Society № 2 September 2017

The value of the world education market is now worth about $4.5-5 trillion a year. At about 3%, the share of online education is still rather small, but the sector is growing rapidly. East-West Digital News, produced by Education International and Global Market Insights, cites these statistics in its study of the Russian online education and educational technologies market. It is expected that by 2023, the online learning market, also known as EdTech, can reach over $240 billion, gaining over 5% market share per year.

America has the largest online education market. However, it is a mature market and its growth rate is slowing down to 4-4.4% per year. Now India and China are leading the trend, where market share has increased by 17% per year, followed by Eastern Europe with the same 17% increase per year. With an increase of 17-25%, Russia demonstrates high growth potential. However, the figure is also a clear indicator that Russia is lagging behind, because the share of EdTech in the country is almost three times below the world average.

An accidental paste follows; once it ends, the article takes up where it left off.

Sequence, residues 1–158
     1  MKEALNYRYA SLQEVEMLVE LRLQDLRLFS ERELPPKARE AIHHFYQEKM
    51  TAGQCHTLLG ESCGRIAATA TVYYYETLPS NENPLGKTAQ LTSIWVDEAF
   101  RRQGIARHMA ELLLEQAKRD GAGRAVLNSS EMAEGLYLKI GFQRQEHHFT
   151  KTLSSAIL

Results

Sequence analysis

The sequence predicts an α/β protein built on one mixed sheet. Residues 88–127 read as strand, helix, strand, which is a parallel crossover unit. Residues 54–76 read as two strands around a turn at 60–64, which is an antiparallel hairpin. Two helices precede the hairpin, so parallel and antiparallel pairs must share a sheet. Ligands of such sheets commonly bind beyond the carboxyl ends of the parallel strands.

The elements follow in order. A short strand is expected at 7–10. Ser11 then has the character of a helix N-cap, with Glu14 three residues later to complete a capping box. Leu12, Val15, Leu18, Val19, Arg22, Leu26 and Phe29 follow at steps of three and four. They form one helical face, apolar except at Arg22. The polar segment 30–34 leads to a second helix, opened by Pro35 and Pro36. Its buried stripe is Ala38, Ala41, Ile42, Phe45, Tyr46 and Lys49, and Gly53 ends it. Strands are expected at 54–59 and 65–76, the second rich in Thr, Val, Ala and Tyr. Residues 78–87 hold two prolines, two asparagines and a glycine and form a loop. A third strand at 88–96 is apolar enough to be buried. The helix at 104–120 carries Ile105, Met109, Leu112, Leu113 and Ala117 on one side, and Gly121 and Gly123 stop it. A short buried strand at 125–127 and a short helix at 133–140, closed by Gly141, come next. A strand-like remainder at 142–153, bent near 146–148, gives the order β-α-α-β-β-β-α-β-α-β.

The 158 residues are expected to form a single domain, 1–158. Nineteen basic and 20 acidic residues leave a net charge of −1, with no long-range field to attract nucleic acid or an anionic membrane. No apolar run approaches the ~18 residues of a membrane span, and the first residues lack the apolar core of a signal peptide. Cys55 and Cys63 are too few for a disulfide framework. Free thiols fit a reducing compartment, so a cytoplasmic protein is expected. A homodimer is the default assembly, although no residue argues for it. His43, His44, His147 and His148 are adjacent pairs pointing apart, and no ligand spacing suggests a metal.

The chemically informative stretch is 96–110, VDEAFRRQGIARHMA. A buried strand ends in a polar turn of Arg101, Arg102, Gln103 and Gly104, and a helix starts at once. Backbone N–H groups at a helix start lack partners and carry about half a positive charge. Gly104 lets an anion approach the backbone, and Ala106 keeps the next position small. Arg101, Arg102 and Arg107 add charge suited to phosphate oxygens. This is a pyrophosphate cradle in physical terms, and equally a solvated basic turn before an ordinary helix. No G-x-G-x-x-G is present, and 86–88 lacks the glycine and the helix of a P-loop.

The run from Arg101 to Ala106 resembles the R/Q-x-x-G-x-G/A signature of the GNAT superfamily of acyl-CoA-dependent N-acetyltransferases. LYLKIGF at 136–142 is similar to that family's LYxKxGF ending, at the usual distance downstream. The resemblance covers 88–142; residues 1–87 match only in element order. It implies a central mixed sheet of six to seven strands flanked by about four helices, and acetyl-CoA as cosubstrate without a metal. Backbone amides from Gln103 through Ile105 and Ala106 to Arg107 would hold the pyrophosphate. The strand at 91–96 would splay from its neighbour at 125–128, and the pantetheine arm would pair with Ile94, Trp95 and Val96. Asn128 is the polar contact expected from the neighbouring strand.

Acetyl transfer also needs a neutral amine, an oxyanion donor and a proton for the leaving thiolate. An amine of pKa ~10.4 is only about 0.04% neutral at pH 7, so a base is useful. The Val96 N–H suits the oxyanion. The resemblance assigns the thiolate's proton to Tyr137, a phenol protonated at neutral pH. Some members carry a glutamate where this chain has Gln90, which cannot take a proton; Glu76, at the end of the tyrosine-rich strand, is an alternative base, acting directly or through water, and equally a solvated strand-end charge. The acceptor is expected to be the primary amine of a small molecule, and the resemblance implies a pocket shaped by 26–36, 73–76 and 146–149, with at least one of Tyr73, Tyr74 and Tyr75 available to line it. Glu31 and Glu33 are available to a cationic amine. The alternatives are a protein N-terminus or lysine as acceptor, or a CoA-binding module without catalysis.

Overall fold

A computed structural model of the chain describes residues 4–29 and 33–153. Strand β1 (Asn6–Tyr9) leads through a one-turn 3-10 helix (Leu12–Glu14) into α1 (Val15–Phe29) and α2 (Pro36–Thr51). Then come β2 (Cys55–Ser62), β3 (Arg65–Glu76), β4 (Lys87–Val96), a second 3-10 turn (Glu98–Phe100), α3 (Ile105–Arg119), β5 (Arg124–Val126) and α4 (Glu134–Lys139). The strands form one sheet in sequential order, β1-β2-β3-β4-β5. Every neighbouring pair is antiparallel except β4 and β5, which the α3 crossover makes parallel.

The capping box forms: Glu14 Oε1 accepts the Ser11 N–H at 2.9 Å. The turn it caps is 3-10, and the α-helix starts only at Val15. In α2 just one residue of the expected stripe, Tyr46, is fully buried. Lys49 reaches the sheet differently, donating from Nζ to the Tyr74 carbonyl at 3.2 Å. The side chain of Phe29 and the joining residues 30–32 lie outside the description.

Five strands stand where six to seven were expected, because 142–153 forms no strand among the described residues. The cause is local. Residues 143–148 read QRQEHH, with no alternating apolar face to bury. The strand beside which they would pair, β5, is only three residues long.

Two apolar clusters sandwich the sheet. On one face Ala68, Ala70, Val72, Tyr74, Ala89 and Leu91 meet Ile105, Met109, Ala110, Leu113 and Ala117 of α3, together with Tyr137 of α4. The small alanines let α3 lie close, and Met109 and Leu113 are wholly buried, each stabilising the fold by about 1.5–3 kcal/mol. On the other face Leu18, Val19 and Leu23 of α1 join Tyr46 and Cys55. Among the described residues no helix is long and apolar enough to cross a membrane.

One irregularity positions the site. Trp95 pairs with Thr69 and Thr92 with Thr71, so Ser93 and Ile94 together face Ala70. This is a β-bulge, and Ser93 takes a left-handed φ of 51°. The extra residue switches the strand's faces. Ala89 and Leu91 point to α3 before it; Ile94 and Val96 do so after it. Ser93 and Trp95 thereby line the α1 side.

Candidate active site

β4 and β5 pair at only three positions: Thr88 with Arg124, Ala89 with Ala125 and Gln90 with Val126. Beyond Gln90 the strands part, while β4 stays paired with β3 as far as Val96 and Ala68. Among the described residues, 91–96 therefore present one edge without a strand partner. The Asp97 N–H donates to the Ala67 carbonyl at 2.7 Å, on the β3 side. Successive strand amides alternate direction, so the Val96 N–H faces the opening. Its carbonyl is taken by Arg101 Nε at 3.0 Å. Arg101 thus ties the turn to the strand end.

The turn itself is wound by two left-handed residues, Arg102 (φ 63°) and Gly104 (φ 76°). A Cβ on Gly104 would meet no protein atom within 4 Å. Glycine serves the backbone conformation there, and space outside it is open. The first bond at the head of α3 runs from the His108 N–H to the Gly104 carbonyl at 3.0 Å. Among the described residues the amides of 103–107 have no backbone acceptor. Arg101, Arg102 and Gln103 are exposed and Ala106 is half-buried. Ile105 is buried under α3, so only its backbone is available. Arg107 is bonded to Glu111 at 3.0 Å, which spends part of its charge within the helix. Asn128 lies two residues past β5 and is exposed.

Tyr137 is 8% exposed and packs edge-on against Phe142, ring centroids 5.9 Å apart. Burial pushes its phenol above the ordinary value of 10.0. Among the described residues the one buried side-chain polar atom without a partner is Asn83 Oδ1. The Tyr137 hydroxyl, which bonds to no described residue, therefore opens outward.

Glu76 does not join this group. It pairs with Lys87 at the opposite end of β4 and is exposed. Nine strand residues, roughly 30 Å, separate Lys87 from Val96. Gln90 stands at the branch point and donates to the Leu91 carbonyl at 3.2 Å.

Nursery to University

For the time being, startups that provide standardised exams are considered the most attractive (in the case of Russia, the united state exam). According to experts, in the near future pre-school and school education, tutoring, corporate programmes and language courses are the most promising.

On the contrary, the previous hype around the massive open online courses, known as MOOCs, with freely accessible and open-licensed short courses, delivered online (such as Coursera), is dying down. Now these giants are more likely to clearly define their positions by developing more partnerships with universities and corporate courses.